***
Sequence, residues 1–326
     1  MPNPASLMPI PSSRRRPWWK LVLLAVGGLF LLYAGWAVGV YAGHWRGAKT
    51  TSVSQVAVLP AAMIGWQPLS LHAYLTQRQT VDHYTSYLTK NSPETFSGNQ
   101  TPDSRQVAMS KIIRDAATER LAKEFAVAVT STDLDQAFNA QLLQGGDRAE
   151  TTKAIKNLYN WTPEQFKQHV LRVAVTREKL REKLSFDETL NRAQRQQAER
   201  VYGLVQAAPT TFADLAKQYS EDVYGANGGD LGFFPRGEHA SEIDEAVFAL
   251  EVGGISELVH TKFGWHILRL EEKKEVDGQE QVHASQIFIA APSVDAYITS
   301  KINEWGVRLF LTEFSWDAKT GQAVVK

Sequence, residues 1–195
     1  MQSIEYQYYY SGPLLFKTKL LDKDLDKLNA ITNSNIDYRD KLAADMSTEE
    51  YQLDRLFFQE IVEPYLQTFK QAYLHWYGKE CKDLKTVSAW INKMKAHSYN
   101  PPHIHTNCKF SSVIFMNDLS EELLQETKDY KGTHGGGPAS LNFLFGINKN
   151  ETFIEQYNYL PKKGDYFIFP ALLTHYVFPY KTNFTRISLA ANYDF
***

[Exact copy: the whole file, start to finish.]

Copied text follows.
Sequence, residues 1–326
     1  MPNPASLMPI PSSRRRPWWK LVLLAVGGLF LLYAGWAVGV YAGHWRGAKT
    51  TSVSQVAVLP AAMIGWQPLS LHAYLTQRQT VDHYTSYLTK NSPETFSGNQ
   101  TPDSRQVAMS KIIRDAATER LAKEFAVAVT STDLDQAFNA QLLQGGDRAE
   151  TTKAIKNLYN WTPEQFKQHV LRVAVTREKL REKLSFDETL NRAQRQQAER
   201  VYGLVQAAPT TFADLAKQYS EDVYGANGGD LGFFPRGEHA SEIDEAVFAL
   251  EVGGISELVH TKFGWHILRL EEKKEVDGQE QVHASQIFIA APSVDAYITS
   301  KINEWGVRLF LTEFSWDAKT GQAVVK

Sequence, residues 1–195
     1  MQSIEYQYYY SGPLLFKTKL LDKDLDKLNA ITNSNIDYRD KLAADMSTEE
    51  YQLDRLFFQE IVEPYLQTFK QAYLHWYGKE CKDLKTVSAW INKMKAHSYN
   101  PPHIHTNCKF SSVIFMNDLS EELLQETKDY KGTHGGGPAS LNFLFGINKN
   151  ETFIEQYNYL PKKGDYFIFP ALLTHYVFPY KTNFTRISLA ANYDF